Friday, December 5, 2008
As the 153rd Pennsylvania, nine month men from Bethlehem, Pa., got set to head into battle on the first day at Gettysburg, an officer addressed them, telling the men their enlistments had expired. "If there was a man in [the] ranks who did not wish to go into battle; he should step out, that it was no disgrace;" a soldier wrote, retelling the officer's words, "but that the enemy was in our native state, and that the people of Pennsylvania looked to us for relief, and that it was our duty to protect our homes... we gave three cheers and not a man stepped out of the ranks." Their officer must have been mistaken, misjudging the enlistment terms by a month. The regiment's survivors mustered out July 24, three weeks after the battle. (Click image for larger view).
Thursday, December 4, 2008
One of several stones marking the unknown burials at Gettysburg National Cemetery marks a large group of anonymous graves. Of the 3512 Union battle dead buried there, nearly one quarter were interred without identification. (Click image for larger view).
Wednesday, December 3, 2008
The New York State Monument stands over graves in the National Cemetery at Gettysburg. Only Pennsylvania supplied more troops at the battle, but the New Yorkers suffered the greatest number of casualties: 6,700 killed, wounded or missing out of 23,000 soldiers on hand. (Click image for larger view).
Tuesday, December 2, 2008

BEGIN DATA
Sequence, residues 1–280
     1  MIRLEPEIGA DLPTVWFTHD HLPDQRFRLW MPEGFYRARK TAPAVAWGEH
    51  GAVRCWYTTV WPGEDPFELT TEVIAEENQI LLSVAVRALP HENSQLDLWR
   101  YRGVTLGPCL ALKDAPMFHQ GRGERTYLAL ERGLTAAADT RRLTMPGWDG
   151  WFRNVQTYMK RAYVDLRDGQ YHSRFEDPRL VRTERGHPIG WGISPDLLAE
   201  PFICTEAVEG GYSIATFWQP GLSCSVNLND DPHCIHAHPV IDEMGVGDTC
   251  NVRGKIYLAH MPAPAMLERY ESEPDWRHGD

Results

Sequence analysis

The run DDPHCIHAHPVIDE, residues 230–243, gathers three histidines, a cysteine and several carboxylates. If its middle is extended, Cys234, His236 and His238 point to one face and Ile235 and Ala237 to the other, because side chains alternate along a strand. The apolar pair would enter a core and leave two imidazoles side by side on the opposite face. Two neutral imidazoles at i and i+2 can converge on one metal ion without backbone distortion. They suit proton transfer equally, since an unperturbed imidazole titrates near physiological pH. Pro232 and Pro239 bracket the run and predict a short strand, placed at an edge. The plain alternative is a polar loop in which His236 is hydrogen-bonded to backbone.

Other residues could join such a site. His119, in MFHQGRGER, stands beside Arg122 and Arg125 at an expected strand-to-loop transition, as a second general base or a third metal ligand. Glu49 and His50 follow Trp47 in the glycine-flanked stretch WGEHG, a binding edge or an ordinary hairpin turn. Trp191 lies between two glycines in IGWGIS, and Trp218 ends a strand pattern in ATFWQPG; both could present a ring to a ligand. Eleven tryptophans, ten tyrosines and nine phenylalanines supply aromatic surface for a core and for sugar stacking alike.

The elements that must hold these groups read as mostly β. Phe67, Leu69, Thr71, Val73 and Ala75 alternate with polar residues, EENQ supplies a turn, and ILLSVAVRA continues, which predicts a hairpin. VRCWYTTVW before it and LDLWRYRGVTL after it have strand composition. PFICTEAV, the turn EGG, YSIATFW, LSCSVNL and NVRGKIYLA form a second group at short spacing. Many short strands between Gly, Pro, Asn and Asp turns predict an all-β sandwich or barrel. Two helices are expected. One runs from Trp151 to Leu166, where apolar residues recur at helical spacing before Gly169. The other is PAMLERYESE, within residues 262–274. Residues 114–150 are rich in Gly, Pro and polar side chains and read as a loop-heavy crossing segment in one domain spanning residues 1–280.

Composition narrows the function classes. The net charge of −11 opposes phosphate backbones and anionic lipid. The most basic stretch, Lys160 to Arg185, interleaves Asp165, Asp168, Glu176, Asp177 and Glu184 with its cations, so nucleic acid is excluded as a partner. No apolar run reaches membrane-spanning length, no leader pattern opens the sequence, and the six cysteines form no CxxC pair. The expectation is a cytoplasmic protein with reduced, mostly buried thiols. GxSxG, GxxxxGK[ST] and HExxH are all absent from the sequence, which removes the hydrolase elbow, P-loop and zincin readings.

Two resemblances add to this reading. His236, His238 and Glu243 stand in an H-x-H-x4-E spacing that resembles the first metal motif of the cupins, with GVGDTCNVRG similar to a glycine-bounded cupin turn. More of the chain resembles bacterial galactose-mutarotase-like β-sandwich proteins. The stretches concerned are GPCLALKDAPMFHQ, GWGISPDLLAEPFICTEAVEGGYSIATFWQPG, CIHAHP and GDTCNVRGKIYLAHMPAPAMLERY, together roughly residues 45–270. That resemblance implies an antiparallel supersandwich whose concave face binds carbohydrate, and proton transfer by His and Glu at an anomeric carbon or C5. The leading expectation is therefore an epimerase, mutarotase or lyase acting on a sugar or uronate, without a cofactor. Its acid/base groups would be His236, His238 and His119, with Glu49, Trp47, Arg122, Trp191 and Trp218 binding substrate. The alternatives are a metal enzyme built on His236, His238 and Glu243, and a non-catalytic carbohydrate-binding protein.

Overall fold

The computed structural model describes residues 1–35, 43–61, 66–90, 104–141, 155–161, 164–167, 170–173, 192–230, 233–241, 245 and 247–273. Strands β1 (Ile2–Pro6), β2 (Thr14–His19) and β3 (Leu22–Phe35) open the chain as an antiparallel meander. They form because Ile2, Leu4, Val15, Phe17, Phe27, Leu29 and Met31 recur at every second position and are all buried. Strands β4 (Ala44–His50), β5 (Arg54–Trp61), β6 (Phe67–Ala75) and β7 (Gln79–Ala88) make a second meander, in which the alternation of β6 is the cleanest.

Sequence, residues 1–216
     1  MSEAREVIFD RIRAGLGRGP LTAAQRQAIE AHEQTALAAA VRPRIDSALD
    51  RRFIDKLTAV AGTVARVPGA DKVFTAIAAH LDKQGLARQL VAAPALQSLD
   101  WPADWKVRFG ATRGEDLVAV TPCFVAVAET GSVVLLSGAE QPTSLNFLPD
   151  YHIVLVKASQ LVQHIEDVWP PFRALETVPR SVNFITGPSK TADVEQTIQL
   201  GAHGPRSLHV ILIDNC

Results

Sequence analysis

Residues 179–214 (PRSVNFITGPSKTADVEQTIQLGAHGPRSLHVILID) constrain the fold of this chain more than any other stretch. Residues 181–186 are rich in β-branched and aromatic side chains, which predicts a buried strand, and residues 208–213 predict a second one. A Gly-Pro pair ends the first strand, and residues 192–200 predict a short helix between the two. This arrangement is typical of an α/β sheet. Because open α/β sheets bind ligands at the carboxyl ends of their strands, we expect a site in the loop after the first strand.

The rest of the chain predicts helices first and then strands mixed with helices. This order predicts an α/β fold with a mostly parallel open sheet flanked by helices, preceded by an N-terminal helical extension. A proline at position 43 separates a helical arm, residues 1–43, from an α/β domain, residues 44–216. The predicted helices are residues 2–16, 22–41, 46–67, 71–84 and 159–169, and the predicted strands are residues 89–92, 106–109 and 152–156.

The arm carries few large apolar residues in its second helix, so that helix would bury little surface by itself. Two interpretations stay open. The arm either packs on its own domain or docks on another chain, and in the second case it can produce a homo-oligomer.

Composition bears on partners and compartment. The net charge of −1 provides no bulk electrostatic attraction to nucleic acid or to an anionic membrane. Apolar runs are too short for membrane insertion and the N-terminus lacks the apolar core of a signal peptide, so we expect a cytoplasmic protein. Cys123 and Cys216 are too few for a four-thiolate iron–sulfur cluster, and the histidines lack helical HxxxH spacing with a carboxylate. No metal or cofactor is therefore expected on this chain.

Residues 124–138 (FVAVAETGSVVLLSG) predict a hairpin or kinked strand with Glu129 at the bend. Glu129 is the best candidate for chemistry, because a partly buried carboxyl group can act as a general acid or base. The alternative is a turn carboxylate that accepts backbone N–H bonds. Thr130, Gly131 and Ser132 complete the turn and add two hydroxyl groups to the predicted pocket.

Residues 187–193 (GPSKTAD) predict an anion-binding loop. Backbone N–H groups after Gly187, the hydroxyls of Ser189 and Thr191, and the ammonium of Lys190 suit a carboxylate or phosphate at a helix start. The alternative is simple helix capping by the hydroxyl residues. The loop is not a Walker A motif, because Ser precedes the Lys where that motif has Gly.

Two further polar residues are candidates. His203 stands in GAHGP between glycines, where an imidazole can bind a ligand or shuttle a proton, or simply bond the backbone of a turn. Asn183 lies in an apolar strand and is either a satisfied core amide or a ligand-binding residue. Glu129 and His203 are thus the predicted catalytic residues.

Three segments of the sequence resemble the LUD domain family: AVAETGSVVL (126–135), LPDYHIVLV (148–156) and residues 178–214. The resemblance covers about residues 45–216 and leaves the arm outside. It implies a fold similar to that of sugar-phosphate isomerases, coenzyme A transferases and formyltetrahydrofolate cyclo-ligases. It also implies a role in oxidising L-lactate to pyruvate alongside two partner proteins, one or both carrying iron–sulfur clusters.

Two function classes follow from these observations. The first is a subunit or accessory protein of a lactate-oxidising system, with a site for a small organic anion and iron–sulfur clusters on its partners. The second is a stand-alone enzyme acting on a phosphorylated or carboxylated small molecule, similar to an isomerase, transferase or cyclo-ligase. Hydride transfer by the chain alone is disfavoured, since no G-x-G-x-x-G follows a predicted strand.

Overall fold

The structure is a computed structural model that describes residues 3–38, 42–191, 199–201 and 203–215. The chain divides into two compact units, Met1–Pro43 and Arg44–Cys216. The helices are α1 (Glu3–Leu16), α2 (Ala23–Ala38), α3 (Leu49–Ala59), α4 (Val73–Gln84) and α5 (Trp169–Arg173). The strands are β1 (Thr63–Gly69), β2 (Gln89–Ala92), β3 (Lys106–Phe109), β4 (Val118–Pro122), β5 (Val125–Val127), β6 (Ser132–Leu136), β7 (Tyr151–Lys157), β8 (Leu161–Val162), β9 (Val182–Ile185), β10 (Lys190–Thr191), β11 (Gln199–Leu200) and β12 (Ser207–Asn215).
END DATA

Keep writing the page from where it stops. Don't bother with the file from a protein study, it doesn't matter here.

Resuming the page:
A cannon points at Confederate positions from the Union-held crest of Little Round Top, scene of fighting on the second day at Gettysburg. Gun crews struggled to push their weapons to the top of the hill as both sides met at what had been just a short time before a virtually unoccupied position. The next day, the artillery here would be put to use before and during the distant Pickett's Charge. (Click image for larger view).
Monday, December 1, 2008
Robert E. Lee looks out over the field of Pickett's Charge from his favorite mount, Traveller, in their depiction atop the Virginia State Memorial at Gettysburg. Its sculptor, Frederick William Sievers, must have considered his commission to create the largest Confederate monument at Gettysburg to be a high point of his career. But it was by no means his last Rebel effort: Sievers was responsible for crafting numerous Confederate memorials throughout the South. And though the Virginia State Memorial was dedicated in 1917, its sculptor lived to see the centennial of the battle before dying at age 93 in 1966. (Click image for larger view).